Semantics of programming languages and interactive environments for the development of proofs and programs are two important aspects of Gilles Kahn's scientific contributions. In his paper “The semantics of a simple language for parallel programming”, he proposed an interpretation of (deterministic) parallel programs (now called Kahn networks) as stream transformers based on the theory of complete partial orders (cpos). A restriction of this language to synchronous programs is the basis of the data-flow Lustre language which is used for the development of critical embedded systems.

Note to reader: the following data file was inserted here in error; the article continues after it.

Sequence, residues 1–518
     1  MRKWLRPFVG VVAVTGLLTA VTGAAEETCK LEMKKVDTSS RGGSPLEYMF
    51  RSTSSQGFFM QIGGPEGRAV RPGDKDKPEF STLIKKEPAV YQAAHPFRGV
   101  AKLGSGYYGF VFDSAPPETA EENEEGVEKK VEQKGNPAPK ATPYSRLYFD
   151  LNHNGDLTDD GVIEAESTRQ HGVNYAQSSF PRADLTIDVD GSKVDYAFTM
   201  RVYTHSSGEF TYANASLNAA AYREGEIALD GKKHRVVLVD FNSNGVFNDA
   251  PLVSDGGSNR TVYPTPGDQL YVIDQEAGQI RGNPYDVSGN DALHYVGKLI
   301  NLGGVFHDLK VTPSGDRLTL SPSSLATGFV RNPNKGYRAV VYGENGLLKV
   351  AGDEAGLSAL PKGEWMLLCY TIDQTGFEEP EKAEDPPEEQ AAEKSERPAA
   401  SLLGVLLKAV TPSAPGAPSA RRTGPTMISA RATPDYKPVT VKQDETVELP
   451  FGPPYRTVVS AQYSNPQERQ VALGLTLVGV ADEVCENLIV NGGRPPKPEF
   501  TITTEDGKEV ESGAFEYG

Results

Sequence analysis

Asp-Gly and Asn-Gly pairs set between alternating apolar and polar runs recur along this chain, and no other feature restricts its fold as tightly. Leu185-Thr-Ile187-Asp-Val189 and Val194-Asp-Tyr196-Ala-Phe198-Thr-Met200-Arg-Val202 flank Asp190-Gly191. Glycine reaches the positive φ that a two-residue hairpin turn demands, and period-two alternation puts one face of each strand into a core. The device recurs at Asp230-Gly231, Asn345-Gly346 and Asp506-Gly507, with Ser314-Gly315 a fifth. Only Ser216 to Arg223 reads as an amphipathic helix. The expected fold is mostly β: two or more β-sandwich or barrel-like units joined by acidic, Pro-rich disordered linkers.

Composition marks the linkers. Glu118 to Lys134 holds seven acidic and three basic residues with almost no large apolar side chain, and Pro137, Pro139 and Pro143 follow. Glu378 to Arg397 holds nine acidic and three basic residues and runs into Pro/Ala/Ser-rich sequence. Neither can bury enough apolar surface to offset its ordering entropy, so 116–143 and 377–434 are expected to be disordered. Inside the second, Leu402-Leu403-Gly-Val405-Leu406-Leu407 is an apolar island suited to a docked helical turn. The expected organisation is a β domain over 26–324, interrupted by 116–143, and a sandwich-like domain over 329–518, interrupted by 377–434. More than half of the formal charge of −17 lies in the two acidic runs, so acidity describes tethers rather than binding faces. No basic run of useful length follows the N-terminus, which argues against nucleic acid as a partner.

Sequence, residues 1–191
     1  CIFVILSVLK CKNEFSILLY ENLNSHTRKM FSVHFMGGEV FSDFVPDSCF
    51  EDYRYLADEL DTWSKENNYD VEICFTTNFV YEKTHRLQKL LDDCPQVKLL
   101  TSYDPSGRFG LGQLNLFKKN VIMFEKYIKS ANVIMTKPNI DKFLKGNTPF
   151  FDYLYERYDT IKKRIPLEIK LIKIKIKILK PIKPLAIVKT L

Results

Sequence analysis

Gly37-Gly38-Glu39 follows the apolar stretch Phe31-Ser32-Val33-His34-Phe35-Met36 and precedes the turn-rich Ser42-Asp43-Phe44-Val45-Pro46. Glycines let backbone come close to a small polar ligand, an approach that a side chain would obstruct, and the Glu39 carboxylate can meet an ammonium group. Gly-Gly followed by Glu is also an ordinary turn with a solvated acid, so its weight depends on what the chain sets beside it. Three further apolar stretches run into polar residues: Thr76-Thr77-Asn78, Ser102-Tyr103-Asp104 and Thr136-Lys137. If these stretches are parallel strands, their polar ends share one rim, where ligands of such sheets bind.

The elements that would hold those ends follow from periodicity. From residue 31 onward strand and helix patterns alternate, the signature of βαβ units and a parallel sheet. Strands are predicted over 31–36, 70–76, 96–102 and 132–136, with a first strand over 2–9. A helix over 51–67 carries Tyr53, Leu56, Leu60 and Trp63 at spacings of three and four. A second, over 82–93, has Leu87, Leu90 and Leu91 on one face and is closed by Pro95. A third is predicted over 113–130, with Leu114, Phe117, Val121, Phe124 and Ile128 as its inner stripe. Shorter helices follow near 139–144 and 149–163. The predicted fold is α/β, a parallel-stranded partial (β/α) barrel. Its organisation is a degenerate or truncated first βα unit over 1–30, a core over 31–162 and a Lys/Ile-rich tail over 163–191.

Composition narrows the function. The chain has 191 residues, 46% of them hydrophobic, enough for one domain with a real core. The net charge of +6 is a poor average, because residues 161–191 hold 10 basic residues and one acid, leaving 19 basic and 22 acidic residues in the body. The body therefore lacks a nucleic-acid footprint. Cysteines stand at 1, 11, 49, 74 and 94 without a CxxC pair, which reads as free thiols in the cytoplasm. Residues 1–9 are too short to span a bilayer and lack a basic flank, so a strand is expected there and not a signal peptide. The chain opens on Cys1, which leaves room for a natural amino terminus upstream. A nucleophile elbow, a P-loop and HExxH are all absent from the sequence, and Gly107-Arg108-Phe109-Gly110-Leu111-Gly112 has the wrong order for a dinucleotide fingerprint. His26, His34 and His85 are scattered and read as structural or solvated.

We present a formalization of this seminal paper in the Coq proof assistant. For that purpose, we developed a general library for cpos. Our cpos are defined with an explicit function computing the least upper bound (lub) of an increasing sequence of elements. This is different from what Kahn developed for the standard Coq library where only the existence of lubs (for arbitrary directed sets) is required, giving no way to explicitly compute a fixpoint. We define a cpo structure for the type of possibly infinite streams. It is then possible to define formally what is a Kahn network and what is its semantics, achieving the goal of having the concept closed under composition and recursion. The library is illustrated with an example taken from the original paper as well as the Sieve of Eratosthenes, an example of a dynamic network.
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